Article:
Senate President Thomas V. Mike Miller has called for the establishment of a center in Baltimore for the state's top two public research universities to seek funding of joint projects — a step toward his eventual goal of "reunification" for the institutions.
The Calvert County Democrat also called for the Baltimore and College Park campuses to run more joint programs at the University of Maryland's Shady Grove campus in Montgomery County, indicating that he has not given up his long-term aim of merging the three under a single banner.
In an interview Thursday in advance of next week's convening of the General Assembly, Miller said he expects progress on establishing a Baltimore research center during the 90-day session that begins Wednesday. He said he hoped the university system's Board of Regents would create such a center on its own but indicated he would be willing to force the issue through legislation if necessary.
University system Chancellor William E. Kirwan said he doesn't foresee any conflict, because he and the campus presidents are mapping out a planned alliance that would include collaborations similar to those called for by the Senate president.
"I have every reason to believe that what we're doing is very consistent with the regents' desires and also very similar to what Mike Miller is hoping to see happen," Kirwan said. "To be honest, I think everybody is on the same page here."
Miller's comments came about a month after the regents voted unanimously to reject the concept of a merger of the research campuses. The regents' report on a possible merger was ordered by the General Assembly, at Miller's behest, during last year's legislative session.
Instead of a merger, the regents called for a strategic alliance that would include a joint center for medical innovation, a joint program devoted to creating business from academic research, and joint programs in bioscience and biomedical research, public policy, law, sociology and social services. They also called for the universities to report their research funding, which totals more than $1 billion annually, as a single sum, a move that could vault the institutions ahead in some national rankings.
The regents ordered Kirwan and the presidents of the two campuses, Jay Perman in Baltimore and Wallace D. Loh in College Park, to come up with an action plan for the alliance by March 1.
"It's too early for me to say exactly what will be the final elements of the alliance," Kirwan said. "But the regents made it clear that they want this to be a meaningful partnership that will include substantial means of collaboration."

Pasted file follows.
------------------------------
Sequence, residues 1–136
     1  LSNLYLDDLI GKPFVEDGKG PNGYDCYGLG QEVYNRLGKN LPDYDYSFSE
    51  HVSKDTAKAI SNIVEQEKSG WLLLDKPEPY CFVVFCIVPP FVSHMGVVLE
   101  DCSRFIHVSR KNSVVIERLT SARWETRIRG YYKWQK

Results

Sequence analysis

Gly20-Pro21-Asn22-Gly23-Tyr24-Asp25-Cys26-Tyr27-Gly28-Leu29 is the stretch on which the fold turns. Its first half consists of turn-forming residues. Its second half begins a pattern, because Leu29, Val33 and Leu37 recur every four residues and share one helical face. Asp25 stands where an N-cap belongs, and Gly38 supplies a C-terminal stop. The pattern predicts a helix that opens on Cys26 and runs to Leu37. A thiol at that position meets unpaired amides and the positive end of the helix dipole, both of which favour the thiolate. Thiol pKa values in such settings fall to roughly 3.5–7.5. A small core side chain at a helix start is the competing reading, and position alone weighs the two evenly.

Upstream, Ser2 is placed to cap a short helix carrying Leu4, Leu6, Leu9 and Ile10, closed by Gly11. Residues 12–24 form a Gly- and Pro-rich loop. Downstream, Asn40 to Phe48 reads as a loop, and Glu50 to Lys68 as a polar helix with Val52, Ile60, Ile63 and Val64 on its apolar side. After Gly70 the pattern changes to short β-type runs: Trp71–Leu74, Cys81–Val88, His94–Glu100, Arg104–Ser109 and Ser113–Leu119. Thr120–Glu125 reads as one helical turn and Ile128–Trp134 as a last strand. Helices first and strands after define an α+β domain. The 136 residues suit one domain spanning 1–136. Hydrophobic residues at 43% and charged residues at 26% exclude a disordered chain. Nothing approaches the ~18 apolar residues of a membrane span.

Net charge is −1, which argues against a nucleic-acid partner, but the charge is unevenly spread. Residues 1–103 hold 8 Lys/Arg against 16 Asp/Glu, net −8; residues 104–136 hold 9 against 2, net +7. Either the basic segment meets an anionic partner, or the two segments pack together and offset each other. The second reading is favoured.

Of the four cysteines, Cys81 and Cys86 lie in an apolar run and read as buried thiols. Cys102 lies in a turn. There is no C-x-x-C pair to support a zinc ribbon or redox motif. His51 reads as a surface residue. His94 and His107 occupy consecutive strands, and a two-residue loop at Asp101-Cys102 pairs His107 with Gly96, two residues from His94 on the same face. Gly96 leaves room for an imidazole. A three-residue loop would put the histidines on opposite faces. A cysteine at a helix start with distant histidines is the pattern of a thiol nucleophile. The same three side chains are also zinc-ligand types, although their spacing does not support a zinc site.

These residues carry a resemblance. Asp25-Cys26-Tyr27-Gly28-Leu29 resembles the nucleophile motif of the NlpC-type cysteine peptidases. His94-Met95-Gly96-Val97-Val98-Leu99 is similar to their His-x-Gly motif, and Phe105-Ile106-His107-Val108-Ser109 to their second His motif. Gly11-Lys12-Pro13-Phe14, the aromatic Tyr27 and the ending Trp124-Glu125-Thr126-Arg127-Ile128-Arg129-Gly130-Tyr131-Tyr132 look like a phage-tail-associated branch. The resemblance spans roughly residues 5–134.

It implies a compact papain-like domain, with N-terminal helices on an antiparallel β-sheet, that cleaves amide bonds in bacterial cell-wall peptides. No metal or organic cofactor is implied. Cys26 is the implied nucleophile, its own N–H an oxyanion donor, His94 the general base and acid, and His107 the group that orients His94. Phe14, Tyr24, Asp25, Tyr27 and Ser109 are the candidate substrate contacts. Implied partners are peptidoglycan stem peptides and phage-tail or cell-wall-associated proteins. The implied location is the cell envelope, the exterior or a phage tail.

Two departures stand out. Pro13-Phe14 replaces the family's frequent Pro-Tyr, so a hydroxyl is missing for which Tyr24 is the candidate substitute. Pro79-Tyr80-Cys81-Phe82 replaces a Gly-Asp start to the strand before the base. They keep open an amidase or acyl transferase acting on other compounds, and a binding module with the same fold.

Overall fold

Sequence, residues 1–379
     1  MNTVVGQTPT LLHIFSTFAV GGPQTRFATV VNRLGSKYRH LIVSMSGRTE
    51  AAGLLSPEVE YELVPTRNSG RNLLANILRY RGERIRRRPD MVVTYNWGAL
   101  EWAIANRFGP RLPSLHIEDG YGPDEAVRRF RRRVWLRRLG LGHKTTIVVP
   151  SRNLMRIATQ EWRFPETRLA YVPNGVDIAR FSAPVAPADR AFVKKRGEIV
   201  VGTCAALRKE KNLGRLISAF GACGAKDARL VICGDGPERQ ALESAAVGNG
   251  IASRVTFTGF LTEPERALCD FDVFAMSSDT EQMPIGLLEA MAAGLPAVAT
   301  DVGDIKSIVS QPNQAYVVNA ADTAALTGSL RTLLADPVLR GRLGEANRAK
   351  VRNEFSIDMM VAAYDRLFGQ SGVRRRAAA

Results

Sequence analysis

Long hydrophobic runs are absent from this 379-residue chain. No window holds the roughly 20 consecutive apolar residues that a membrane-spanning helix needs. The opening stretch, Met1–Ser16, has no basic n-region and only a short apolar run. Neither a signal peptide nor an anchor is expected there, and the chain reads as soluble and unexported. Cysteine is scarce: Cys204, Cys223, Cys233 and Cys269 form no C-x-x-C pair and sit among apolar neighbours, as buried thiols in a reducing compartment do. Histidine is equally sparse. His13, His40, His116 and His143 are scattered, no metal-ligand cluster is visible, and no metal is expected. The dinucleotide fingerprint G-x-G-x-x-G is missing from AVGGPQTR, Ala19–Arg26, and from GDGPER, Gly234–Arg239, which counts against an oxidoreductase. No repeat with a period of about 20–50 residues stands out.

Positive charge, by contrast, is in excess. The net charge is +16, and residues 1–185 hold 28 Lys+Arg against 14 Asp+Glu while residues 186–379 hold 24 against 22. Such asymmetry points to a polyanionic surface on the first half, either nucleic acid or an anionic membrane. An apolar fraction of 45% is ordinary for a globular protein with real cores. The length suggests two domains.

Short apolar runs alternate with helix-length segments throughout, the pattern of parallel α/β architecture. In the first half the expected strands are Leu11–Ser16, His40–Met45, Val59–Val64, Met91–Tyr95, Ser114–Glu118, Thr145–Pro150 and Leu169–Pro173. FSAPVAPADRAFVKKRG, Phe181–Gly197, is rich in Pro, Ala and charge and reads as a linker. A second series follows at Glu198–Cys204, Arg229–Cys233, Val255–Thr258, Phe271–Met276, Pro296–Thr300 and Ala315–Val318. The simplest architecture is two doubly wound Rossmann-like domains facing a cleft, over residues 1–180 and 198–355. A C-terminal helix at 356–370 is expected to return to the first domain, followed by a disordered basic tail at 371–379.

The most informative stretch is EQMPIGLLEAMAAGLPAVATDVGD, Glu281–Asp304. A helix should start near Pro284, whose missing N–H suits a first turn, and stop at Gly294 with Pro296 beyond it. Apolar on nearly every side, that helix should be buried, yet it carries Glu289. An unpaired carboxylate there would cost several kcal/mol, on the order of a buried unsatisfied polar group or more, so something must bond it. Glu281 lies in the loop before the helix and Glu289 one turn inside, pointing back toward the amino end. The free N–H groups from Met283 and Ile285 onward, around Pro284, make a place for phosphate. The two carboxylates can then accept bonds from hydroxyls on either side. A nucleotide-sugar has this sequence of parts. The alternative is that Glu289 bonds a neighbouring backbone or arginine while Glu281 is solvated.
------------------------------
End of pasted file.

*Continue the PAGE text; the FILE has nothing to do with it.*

The proposed center for medical innovation seems substantively similar to Miller's idea for a joint research center in Baltimore. System leaders have preliminarily discussed modeling the center on Boston's Center for Integration of Medicine and Innovative Technology, a consortium of top teaching hospitals.
Perman said the idea for a joint center is "very much a part of our discussions." Of Miller's comments, he said, "I'm sure he wants to see something real come out of this, and his desire is matched by ours."
Kirwan was firm Thursday in saying the regents do not see the proposed collaborations as a step toward full merger. He said the board sees an alliance as the better solution because "the collaborations could be targeted to produce the benefits we all want without the bureaucratic hassles of merging two complex institutions."
Miller said that for now, he would not push for a full merger. The Senate chief said he saw a window of opportunity for the action in 2010, when both campus presidencies were vacant. He wanted one president to lead both but said he's now content to let Loh and Perman work together — especially on projects that combine the strengths of the medical school in Baltimore and the engineering department at College Park.
"I said let's keep the two presidents and work toward reunification," Miller said.
Busch said Thursday that he supports collaboration between the campuses but doesn't see the need for formal intervention from the General Assembly. "People believe there are things that the Baltimore campus and the College Park campus have in common that they can share with alignment and without an actual merger," the speaker said. "I think they can do that without legislation."
Miller hinted that he's willing to apply some pressure if necessary, noting that the university system has to come to the General Assembly when it needs money.
"We're asking the regents to move quickly on these issues, and we'd like one name to define the two institutions," he said. "You market as University of Maryland."
Kirwan said both campuses already market themselves as the University of Maryland but that once a new alliance is in place, it would also become a prominent selling point for both institutions.
He added that the new working relationship will not come for free. "To realize the full potential of the alliance, we will require a significant state investment," Kirwan said. "Though I'm not yet in a position to be specific."
Baltimore Sun reporter Annie Linskey contributed to this article.